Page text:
Dissociative disorders: Clinical practice

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Dissociative disorders: Clinical practice

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A 35-year-old man comes to the clinic because he has been feeling "strange" since he was a passenger in a violent motor vehicle collision 6 months ago. He was uninjured in the trauma, but states that he has often felt like he is "living in a movie" since that time. He has been reprimanded at work for apparent "daydreaming" and is afraid that he may lose his job. His medical history is noncontributory. Family history is significant for depression in his mother and brother. He denies ever using alcohol, tobacco, or recreational drugs. His temperature is 37.0°C (98.6°F), pulse is 79/min, respirations are 14/min, and blood pressure is 128/84 mm Hg. Physical examination shows a male who appears mildly anxious with downcast eyes. Routine laboratory studies show no abnormalities. Which of the following is the most likely diagnosis? 

Transcript

Content Reviewers:

Rishi Desai, MD, MPH

Dissociative disorders cause a disconnection or a lack of continuity between the individuals and their own thoughts, memories, actions, and identity.

For example, people might have out of body experiences or they might not remember important aspects of a traumatic event that they’ve been through - and that can cause distress and impairment.

Switching off from reality is a normal defense mechanism that helps the person cope during a traumatic time. In other words, it's a form of denial.

This behaviour becomes pathological when the traumatic event has ended but the person still hasn’t dealt with it properly.

People who dissociate may feel disconnected from themselves and the world around them, and these experiences can last for a relatively short time - hours or days, or for much longer - weeks or months.

When diagnosing a dissociative disorder, all other mental disorders should be ruled out.

Also, the symptoms should not be attributable to the physiological effects of a substance and should cause significant distress or impairment in all areas of functioning.

Environmental factors that contribute to dissociative disorders include a history of psychological trauma, especially traumatic experiences like physical, sexual or emotional abuse during childhood, or experiences such as war, kidnapping, or even serious medical procedures.

According to DSM-5, there are five related conditions: dissociative identity disorder, dissociative amnesia, depersonalization/derealization disorder, other specified dissociative disorder, and unspecified dissociative disorder.

First, there’s dissociative identity disorder which is where individuals have two or more distinct personality states.

When a person is experiencing another identity they typically lose their normal sense of self and control, and can have differences in emotion, behavior, consciousness, memory, perception, cognition, sensations, and movement.

For example, individuals might suddenly start acting like a totally different person for a few moments, then immediately switch back to their old self.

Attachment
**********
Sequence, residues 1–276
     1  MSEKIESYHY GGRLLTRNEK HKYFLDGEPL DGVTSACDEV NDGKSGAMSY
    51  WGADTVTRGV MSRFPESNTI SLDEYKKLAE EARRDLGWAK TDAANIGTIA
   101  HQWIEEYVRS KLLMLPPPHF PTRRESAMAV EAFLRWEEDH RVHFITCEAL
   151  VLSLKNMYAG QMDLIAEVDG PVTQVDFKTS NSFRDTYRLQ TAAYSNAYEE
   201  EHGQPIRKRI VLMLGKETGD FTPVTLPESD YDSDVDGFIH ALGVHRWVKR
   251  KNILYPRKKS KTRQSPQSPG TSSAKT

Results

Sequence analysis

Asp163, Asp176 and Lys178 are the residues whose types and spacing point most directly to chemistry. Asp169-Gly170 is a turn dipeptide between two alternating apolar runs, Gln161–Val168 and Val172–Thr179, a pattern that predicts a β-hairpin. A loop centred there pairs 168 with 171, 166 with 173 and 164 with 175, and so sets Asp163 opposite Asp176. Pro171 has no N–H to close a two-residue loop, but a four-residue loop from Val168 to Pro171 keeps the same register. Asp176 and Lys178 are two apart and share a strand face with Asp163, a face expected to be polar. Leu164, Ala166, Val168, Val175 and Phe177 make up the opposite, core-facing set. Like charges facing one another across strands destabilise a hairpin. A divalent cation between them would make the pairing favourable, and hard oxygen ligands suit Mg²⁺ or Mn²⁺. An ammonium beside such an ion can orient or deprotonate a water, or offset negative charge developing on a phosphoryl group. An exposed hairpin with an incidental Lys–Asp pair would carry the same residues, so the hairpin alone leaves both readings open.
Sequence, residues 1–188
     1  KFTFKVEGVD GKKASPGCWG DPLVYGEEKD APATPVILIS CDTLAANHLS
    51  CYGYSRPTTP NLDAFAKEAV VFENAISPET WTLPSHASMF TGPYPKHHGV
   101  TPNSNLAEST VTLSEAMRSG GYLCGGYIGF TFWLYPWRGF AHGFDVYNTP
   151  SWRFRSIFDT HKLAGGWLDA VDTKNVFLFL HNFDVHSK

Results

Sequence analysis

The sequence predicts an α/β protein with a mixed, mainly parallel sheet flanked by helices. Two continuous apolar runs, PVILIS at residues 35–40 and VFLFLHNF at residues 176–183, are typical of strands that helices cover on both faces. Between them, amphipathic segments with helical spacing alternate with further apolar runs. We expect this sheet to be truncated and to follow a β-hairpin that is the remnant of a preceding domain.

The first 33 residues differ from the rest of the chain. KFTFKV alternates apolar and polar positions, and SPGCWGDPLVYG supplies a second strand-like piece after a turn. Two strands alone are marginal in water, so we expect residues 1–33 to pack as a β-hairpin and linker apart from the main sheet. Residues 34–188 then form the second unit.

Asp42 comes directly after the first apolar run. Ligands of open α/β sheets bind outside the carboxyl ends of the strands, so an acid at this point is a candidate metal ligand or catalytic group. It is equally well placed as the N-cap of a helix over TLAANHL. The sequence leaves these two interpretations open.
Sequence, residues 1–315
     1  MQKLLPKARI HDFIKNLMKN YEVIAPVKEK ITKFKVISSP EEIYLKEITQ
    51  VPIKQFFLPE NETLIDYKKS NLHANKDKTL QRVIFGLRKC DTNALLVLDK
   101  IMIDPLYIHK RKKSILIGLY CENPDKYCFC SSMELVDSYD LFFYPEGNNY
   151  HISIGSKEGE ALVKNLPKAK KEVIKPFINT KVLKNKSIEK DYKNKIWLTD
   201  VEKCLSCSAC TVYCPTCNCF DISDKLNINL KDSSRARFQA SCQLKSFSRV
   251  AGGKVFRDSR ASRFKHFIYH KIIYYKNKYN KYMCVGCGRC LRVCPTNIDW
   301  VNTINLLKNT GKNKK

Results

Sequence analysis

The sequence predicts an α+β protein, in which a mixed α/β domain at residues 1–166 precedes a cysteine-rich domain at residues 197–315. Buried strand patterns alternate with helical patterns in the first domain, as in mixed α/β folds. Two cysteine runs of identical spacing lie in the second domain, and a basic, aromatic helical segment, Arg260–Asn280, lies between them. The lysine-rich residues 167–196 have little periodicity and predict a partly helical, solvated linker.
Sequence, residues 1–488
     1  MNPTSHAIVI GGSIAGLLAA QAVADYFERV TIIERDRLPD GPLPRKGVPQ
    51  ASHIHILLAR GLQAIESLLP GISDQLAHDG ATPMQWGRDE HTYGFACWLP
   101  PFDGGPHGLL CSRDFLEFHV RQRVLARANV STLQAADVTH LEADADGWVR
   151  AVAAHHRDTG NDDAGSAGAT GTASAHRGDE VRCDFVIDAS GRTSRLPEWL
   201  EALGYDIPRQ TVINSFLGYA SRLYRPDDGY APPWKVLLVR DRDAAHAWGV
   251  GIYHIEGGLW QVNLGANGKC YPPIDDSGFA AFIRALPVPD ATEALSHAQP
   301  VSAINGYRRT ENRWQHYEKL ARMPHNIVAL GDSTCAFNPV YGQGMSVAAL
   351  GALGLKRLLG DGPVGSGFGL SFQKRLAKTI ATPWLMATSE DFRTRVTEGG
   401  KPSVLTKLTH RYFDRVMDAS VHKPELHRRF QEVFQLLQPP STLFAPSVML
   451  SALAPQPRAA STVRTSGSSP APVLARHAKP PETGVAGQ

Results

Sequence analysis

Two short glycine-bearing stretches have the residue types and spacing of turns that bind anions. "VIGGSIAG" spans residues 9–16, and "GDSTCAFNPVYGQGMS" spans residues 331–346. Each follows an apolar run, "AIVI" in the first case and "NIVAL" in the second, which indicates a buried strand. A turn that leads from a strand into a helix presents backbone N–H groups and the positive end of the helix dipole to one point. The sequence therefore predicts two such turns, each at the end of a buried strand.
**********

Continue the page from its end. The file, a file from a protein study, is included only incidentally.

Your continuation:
Second, individuals typically have memory gaps when they try to recall everyday events, personal information, and specifically traumatic events. For example, someone might forget their address, what they did this morning, or that they were involved in a car accident.

And finally, the disturbance shouldn’t be a part of an accepted cultural or religious practice like the feeling of being possessed by a spirit which may be part of a religious ceremony.

Next is dissociative amnesia. Here, the first criteria is the inability to recall important autobiographical information, usually related to a trauma or stress, which can’t be explained by normal forgetting.

Dissociative amnesia most often consists of localized and selective amnesia for a specific event or a generalized amnesia for identity and life history. For example, someone might forget being sexually abused, or might even forget an entire part of their life - like their childhood years.

The second criteria is that the disturbance should not be better explained by dissociative identity disorder where there are disruptions in identity, posttraumatic stress disorder where the dissociative amnesia is usually time-limited, or a brain injury.

Third is depersonalization or derealization disorder.

First, individuals experience persistent or recurrent episodes of depersonalization, derealization, or both.

Depersonalization consists of experiences of unreality, detachment, or of moments when the individuals feel like they’re observing their own thoughts, feelings, sensations, body, or actions. For example, one might cut themself, but experience the event as a spectator and not as the person actually experiencing it.

Derealization consists of experiences of unreality or detachment when it comes to surroundings.

In this case, people or objects can feel unreal, dreamlike, foggy, or visually distorted.

Second, during the depersonalization or derealization experiences, reality testing, which is an individual’s ability to distinguish the real world from psychotic symptoms and derailments in thinking, should remain intact.

Other specified dissociative disorder applies to situations where symptoms don’t meet the full criteria for any of the conditions, and the exact reason they don’t is specified.

And lastly, in unspecified dissociative disorder, the reason the symptoms don’t meet the criteria is not specified.

So regarding treatment, the main options are psychotherapy, lifestyle changes, and medication.

Psychotherapy is a broad term that includes several forms of therapy like cognitive-behavioral therapy, which focuses on changing harmful thinking patterns, feelings, and behaviors.